My nerves are shattered, torn, shredded and fried. I have experienced a weekend of such furious emotion, speculation, accusation and premature judgement that I can barely muster enough wits to make sense of it all. I forewarned that these last couple of days might be a wee bit tough, but nothing could have prepared me for what actually happened. Please forgive me if emotions appear in the following entry. I hope that someone out there can offer an excuse for the behaviours I must now describe......
Slipping on Hedgehog blood
I have to say, it began peacefully enough. Mrs McHaggarty was in a jovial mood, having won £253.77 in the National Lottery the week before. She had treated herself to a pair of new shoes from Asda (aka Walmart, for my American readers), two necklaces from Elizabeth Duke, a facial treatment, two bottles of champagne, three t-shirts from TK Maxx, 1 leather jacket from TK Maxx, and five bottles of Chardonnay from Tesco. I can recite this list verbatim because I heard her repeat it no less than seventeen times during the weekend. She was so proud of her small winnings that she would push her substantial breast in the air everytime she mentioned it, as though a chance payout is some kind of personal acheivment.
I had, as promised, made a complete inventory of the institute prior to her arrival. Although Mrs McH may have been in a good mood, I did not doubt for a minute that she would still attempt to extricate one or more of my belongings from its rightful position. Three times before I had actually caught her in the act, and only the protestations of my pious wife, Mrs Dr McC, had prevented me from calling the authorities (that and the fact for some reason the police refuse to visit the institute during night-time).
So anyways, I did my best to remain scarce, and busied myself in Laboratory No. 1, the best equipped lab in the institute, with my dissection of hedgehogs captured by Angus McCavity (my number 2 research assistant), and Denise (my faithful receptionist). Ravel (my no.1 research assistant) should have collected the insectivores alongside McCavity, but he still had not checked in since departing on his traverse of Hadrians wall some weeks ago. It was the first time that Denise had been collecting hedehogs, and I was slightly worried as to whether she was fit enough for the purpose. Hedgehogs are notoriously difficult to catch at the best of times, and someone with a 30-per day cigarette habit whose only regular exercise comes from typing on a keyboard would be unlikely to be very efficient. But, needs must I'm afraid, as the other staff had strangely made themselves unavailable this particular weekend.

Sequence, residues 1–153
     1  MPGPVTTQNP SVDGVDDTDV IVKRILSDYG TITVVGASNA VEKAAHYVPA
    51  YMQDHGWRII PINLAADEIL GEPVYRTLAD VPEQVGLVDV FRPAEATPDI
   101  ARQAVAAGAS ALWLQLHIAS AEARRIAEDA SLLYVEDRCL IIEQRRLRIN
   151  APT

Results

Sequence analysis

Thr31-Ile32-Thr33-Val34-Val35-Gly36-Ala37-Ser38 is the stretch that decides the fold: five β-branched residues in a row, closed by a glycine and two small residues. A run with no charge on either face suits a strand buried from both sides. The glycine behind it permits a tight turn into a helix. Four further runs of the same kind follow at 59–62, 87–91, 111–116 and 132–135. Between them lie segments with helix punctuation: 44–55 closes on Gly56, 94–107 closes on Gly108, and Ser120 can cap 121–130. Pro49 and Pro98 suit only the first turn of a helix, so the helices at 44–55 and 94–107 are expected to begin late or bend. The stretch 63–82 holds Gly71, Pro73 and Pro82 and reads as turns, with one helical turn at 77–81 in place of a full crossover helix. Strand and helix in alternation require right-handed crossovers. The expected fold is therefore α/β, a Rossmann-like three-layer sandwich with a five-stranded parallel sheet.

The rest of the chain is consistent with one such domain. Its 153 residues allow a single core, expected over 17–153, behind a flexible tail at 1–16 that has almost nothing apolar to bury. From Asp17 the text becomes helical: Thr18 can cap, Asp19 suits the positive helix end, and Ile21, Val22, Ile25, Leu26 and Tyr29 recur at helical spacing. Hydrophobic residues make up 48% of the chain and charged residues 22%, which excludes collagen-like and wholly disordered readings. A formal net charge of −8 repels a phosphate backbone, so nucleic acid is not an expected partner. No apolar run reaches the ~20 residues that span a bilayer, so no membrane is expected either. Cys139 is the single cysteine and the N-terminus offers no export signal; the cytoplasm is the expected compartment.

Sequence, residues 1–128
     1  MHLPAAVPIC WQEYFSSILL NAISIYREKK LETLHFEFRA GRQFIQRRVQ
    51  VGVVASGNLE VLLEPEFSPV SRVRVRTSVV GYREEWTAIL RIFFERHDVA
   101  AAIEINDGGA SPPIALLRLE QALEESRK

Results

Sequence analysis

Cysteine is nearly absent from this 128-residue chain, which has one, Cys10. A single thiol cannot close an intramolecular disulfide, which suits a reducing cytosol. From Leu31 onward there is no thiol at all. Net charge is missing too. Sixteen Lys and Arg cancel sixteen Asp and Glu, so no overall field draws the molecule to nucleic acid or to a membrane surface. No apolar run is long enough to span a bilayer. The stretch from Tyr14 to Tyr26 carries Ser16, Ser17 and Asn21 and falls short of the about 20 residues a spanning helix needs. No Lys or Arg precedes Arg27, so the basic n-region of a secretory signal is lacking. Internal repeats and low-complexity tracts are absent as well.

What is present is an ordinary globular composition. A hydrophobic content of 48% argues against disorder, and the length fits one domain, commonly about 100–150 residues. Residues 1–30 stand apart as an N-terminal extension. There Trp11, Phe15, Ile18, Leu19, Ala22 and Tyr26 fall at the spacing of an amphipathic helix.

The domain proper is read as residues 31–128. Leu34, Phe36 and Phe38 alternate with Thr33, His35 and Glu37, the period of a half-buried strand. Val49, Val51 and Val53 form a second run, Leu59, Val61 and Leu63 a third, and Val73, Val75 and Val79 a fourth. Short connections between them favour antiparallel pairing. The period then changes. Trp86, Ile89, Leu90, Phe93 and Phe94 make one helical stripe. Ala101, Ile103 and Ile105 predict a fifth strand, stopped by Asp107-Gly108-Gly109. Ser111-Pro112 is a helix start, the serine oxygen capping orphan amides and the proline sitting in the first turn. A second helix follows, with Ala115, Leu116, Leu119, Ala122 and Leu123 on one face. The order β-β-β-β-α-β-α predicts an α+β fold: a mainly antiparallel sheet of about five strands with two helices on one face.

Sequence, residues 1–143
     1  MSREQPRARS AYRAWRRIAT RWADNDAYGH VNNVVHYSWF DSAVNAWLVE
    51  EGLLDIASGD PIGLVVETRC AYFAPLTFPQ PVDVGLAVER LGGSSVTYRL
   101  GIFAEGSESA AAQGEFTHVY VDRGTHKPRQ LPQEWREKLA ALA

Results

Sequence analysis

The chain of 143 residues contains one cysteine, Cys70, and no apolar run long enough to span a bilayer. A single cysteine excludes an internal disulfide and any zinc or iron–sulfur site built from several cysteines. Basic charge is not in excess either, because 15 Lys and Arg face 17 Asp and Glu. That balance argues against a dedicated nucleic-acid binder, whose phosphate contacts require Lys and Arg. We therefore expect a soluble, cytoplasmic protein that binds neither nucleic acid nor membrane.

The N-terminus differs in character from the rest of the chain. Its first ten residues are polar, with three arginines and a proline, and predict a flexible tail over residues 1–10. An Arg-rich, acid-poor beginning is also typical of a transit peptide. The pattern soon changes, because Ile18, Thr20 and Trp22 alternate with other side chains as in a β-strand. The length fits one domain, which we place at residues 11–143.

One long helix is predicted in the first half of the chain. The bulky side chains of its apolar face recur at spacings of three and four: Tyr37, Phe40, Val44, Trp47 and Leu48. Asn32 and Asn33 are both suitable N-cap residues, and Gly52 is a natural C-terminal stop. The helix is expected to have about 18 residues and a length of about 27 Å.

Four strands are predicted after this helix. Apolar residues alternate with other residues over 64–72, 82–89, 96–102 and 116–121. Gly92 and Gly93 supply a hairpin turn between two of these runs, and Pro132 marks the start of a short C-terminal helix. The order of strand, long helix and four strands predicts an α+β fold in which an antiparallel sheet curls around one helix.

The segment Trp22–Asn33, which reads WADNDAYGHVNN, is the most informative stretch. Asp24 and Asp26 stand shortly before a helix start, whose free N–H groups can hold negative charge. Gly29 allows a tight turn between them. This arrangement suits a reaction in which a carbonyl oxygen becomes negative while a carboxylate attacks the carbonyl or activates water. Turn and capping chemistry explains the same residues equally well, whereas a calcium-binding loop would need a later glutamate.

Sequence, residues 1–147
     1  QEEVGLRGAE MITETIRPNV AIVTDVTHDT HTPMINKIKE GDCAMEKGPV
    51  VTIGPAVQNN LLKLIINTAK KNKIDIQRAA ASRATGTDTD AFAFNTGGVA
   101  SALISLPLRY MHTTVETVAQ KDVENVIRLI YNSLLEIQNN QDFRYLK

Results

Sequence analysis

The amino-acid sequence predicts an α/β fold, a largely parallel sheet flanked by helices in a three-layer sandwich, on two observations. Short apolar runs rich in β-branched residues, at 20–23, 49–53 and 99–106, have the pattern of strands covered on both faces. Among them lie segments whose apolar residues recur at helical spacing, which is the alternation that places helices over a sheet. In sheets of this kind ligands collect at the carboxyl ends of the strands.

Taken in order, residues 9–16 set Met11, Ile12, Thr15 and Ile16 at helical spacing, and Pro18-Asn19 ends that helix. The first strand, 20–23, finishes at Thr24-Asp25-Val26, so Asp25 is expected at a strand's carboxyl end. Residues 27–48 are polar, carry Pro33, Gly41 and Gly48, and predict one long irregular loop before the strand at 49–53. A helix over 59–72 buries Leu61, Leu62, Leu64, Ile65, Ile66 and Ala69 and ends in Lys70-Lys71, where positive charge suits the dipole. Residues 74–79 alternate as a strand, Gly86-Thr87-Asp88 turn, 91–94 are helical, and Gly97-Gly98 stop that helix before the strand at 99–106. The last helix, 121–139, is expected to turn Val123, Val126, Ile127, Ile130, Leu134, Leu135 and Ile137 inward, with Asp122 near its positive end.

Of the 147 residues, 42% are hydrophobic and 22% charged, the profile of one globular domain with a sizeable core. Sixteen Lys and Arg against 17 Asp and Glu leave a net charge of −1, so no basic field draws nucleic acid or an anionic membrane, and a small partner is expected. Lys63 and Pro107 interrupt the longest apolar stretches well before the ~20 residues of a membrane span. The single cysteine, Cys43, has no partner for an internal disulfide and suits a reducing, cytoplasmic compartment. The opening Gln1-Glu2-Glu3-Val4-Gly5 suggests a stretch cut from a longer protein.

To my surprise, Denise performed her tasks with consumate gusto and ease. She was surprisingly spritely for an unfit lady receptionist, and even managed to catch more hedgehogs than McCavity, a member of staff who regularly keeps fit by jogging and skipping. I openly applauded her efforts on her return, and even, I think, managed to make her blush!
The dissections went well considering that I had to work alone. Normally, Ravel would have helped but as he was absent (and McCavity is not qualified for this work) I was forced to sacrifice the hedgehogs myself, using my patented 'HedgeSnap' device that swiftly delivers a fatal blow to the back of the little animals heads. They feel no pain, and death is instantaneous (I am limited by stringent ethical guidelines to a restricted number of sacrifices and have to certify that the cull is carried out according to a long list of conditions). I won't describe the operation to remove the parasites as it would require several blogs-worth of space to do justice to the intricate partings and clamping of spine-covered flesh, the slicing open of sticky abdomens, the frequent mopping of hedgehog blood, the delicate manouverings of tweezers to extract worms from each digestive tract, etc etc.
Each parasite that I retrieved was first killed, identified, sexed, and measured along at least two axes before being placed in a numbered container and stored at -80 degrees centrigrade in one of the institutes 5 freezers. This procedure allows for future experimentation without ruining the tissues of the organism. The hedgehog remains were then placed in a black plastic bin liner for later incineration.